The history of the kakuro puzzle is similar to that of the sudoku puzzle in the sense that, despite its name, it did not originate in Japan. The kakuro puzzle that we are familiar with today was invented by Jacob E. Funk, a Canadian employee of Dell Magazines, in 1966. The puzzle was originally named “cross sums”, although many people used the name “cross addition”.
In 1980 the president of Nikoli Puzzles, Maki Kaji, brought this puzzle form to Japan where it was re-named “kasan kurosu” (meaning addition cross). Then, in 1986, Nikoli Puzzles adopted the name “kakuro”, which was the common abbreviation used by Japanese players of the game. Between 1986 and 1992 kakuro was Nikoli Puzzles best selling puzzle and dropped into second place below sudoku in 1993. Today kakuro puzzles appear in more than 100 Japanese magazines.
Like sudoku, the popularity of kakuro soon spread to the West and in 2005 two UK newspapers, The Guardian and The Daily Mail, started running daily kakuro puzzles. From here the craze spread quickly and today kakuro puzzles are regularly published in a large number of countries around the globe.
As with most puzzles today, kakuro has evolved over the years and there are now several variations of the puzzle form. The original version however consisted of a 16 x 16 grid of white squares with a row of black squares running along the top and down the left-hand side of the puzzle grid. Black cells were also added by the puzzle designer within the main white square grid to break the puzzle grid up, in a fashion similar to that seen in crossword puzzles. The black cells were divided into two triangles by a diagonal line running for the top left corner to the bottom right corner of each cell. Numbers could then be entered into the upper and/or lower triangle. Following the terminology used in crossword puzzles, these numbers were called “clues” with a number in a lower triangle being a clue for the vertical row of cells under the triangle. Similarly, a number in an upper triangle was a clue for the horizontal row of cells to the right of the triangle. Today this principle still holds true, although many puzzles are now designed in a 3D format.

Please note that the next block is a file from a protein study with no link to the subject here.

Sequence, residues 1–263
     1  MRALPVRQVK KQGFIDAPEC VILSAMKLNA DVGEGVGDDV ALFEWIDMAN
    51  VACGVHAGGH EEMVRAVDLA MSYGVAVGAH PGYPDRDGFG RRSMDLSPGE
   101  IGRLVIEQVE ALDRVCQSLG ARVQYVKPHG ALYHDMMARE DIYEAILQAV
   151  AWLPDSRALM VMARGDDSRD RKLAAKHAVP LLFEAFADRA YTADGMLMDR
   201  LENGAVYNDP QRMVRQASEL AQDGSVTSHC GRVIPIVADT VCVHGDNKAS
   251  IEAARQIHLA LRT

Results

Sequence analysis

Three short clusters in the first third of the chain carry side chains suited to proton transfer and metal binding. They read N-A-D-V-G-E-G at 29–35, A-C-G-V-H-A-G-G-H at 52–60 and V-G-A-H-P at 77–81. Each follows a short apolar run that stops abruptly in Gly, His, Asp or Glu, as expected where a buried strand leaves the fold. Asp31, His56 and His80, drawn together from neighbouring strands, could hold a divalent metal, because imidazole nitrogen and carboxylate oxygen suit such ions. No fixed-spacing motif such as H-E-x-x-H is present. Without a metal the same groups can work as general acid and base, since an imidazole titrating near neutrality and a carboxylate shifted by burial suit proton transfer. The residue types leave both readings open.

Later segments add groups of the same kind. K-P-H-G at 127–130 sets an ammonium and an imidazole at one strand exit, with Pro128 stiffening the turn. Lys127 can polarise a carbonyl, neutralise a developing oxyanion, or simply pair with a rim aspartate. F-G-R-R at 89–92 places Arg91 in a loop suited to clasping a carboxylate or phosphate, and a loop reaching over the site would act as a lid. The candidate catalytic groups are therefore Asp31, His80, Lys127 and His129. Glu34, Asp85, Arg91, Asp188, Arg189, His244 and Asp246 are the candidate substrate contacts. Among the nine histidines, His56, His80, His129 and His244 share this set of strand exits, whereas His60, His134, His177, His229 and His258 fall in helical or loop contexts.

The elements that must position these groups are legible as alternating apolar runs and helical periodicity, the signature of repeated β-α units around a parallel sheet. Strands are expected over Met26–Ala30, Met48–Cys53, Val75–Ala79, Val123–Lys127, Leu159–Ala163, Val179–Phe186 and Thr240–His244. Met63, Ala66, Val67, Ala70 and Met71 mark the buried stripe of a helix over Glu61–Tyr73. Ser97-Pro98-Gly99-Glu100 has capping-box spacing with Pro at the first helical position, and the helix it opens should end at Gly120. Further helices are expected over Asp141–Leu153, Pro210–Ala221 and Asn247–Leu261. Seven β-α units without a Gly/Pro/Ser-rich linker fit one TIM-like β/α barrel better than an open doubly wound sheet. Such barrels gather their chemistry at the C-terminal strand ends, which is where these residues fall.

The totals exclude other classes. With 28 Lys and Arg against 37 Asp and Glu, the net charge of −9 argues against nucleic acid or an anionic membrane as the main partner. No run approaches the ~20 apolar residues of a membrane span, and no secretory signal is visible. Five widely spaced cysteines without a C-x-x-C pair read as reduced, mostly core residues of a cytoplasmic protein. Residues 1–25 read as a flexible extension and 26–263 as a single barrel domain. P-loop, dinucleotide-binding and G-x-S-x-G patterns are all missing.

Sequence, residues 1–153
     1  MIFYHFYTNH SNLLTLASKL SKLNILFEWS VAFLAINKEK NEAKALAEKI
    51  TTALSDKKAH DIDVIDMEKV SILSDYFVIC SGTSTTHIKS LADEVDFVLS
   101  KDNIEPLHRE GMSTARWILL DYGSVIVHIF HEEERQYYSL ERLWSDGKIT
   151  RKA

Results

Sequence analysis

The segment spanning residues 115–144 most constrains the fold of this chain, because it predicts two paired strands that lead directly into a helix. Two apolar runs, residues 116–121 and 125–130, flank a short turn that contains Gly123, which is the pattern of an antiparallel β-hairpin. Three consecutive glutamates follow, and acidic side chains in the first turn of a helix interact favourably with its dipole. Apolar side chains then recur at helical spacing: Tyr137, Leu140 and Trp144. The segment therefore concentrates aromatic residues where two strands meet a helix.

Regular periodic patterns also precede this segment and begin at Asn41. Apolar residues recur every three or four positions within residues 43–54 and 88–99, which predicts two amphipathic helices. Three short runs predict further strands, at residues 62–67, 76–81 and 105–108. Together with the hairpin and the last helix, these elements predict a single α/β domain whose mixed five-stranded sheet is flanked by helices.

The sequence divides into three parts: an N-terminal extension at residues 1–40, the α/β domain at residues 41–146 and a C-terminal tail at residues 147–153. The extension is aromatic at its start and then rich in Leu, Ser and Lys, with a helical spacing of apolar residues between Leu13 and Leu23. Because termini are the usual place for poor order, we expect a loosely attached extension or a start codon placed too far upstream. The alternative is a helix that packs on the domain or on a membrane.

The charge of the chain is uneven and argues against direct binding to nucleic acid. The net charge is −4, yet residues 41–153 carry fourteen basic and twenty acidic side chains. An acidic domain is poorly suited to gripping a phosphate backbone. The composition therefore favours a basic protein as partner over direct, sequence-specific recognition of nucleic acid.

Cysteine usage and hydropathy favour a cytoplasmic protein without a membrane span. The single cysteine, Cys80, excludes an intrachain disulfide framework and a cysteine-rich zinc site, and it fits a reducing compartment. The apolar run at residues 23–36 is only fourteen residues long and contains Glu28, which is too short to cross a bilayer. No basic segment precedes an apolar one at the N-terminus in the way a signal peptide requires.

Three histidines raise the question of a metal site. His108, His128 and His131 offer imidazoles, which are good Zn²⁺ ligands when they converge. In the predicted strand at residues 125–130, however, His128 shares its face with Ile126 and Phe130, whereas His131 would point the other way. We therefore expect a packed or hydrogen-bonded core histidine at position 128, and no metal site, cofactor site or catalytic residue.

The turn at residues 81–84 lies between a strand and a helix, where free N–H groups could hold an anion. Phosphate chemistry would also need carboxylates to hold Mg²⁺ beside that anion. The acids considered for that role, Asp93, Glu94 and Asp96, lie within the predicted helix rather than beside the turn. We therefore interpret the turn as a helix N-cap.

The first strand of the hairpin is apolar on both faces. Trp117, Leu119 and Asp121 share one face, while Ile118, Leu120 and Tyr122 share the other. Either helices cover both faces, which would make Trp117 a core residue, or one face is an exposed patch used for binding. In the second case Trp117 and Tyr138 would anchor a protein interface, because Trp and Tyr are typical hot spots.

The rules of the classic game are simple. players must enter numbers into the vertical and horizontal rows defined by the black boxes added by the puzzle designer. For vertical rows, the numbers inserted must add up to the clue number in the triangle at the top of the vertical row. For horizontal rows, the numbers inserted must add up to the clue number in the triangle to the left of the horizontal row. Only the numbers 1 to 9 may be added to the puzzle and no number can appear more than once in any row.
There are various techniques that can be used to solve kakuro puzzles but, underlying all of these, are what are known as “magic blocks” or “combinations”. Put simply, these are situations within a puzzle where, regardless of the puzzle design, only a single solution is possible for a particular row. For example, if you have a row of 2 cells and the clue number is 4, then the only two numbers that can be entered are 1 and 3. You will need to use logic to decide which number goes in which grid square, but at least you know that these are the only numbers that can be used in the solution. This may seem a little simple, but for larger numbers and longer rows, narrowing down the numbers which can be used can be extremely helpful. For example, for a row of 4 grid squares and a clue of 29 it can save a lot of time if you start by knowing that the only numbers that can appear in the solution are 5, 7, 8 and 9.
For further details of solving kakuro puzzles please pick up a free copy of the WMC Publishing guide – Solving Kakuro Sum Puzzles